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Cheese is matured for up to two years in this room at a farm in Minas Gerais.

Outside of the opportunities to explore the natural beauty of the Cerrado, any trip to Minas Gerais would be lacking without exploration into the local culture of cheese-making. Originating during Portuguese exploration of the Brazilian interior, cheese-making has become a tradition passed on through generations. The traditional cheeses are made with raw cow milk and have a mild, salty flavor. Slight differences in taste throughout the region are a result of the differing vegetation that makes up the dairy cow diets. Despite the rich culture surrounding cheese-making in Minas Gerais, few people outside of Brazil have ever heard of this tradition. Changing national laws that regulate where the cheese can be sold within the country helped amplify the product nationally and recently, Minas Gerais cheese is increasingly recognized at an international scale. We visited two cheese makers in the area, one of which offered a small tour of their facilities and both of which offered incredible cheese sampling platters. My favorite had to be a purple cheese that was matured in wine and by the time we left Minas Gerais, there were at least six rounds of expertly-matured cheeses tucked alongside our luggage.

Like all trips to somewhere incredible, the Serra da Canastra National Park weekend was too short. Personally, I call that feeling a good excuse to come back; the cheese and the trails will certainly be waiting!

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The Tayra in a Changing Brazilian Landscape

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Illustration of the Mustelidae Family from Handbook of the Mammals of the World: Volume 1 by Toni Llobet.

While many mammalian species found across Central and South America are declining due to habitat loss, forest fragmentation, and agricultural development, the tayra is trying something different: persistence. The tayra is a medium-sized omnivorous mammal that looks like a mix between a cute teddy bear and a giant weasel. In fact, it is a member of the weasel family (Mustelidae), which includes weasels, otters, wolverines, and a diverse range of other noodle-shaped mammals. It’s this fun-to-look-at species that brought me to Brazil this summer (or winter, depending on which hemisphere you’re reading from). With support from the Brown Graduate Research Fellowship Program through the College of Agriculture, Food, and Natural Resources at Mizzou, I partnered with Assistant Professor Rita Bianchi and her lab to analyze data they collected on the tayra.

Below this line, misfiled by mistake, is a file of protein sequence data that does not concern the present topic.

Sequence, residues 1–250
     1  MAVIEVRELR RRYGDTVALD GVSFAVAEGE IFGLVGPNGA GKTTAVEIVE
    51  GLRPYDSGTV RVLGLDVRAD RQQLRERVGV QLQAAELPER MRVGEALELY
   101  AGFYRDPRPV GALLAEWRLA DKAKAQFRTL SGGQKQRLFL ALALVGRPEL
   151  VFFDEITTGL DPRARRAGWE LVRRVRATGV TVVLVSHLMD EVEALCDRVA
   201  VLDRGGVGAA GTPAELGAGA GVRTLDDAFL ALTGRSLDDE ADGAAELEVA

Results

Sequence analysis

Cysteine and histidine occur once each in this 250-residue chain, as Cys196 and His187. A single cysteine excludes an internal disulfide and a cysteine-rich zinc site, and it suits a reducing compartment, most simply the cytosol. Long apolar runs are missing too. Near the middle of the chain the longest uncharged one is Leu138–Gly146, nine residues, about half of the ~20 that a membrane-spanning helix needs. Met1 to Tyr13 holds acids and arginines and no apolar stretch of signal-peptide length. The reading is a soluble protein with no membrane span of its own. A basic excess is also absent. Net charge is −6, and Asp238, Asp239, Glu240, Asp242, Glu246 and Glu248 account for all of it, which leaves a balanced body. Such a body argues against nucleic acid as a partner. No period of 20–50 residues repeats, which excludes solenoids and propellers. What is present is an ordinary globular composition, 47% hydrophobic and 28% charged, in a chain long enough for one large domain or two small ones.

The Bianchi Lab Group works extensively on mammalian ecology in Brazil. To achieve their varying objectives, many students use camera trap data. Camera traps are a remote-sensing technology that allow researchers to gather information on exactly where mammals are at specific dates and times. Over the past several years, the Bianchi Lab Group has methodically scattered camera traps throughout state parks and other natural areas in São Paulo State. These camera traps captured images of several mammalian species, including giant anteater, puma, agouti, and of course, tayra! Pairing the date and time stamp from the camera trap images with the camera trap location and species present in the photo, researchers can answer a breadth of questions about when and where animals spend time. Answers to these questions can help scientists and land managers understand the resources needed for species to thrive.

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Two tayra are captured on a camera trap in São Paulo State, Brazil.

Despite a growing shift from natural forest to agriculture throughout Brazil and other parts of Central and South America, tayra seem to be handling increasingly fragmented forests just fine. Why bother looking at data for an animal that we aren’t too concerned about? First, we must understand what a species needs if we are to keep it on the landscape. For example, what type of forests do tayra live in? When are they most active and what foods do they rely on? Can tayra survive in small forest fragments? Answers to these questions allow land managers to ensure tayra needs are met and prevent a future decline. Secondly, other species of mesocarnivore (medium-sized carnivorous and omnivorous mammals) are not faring as well as the tayra. Understanding the specific tayra traits that have allowed it to persist longer in this changing landscape could offer insights on why other species are declining.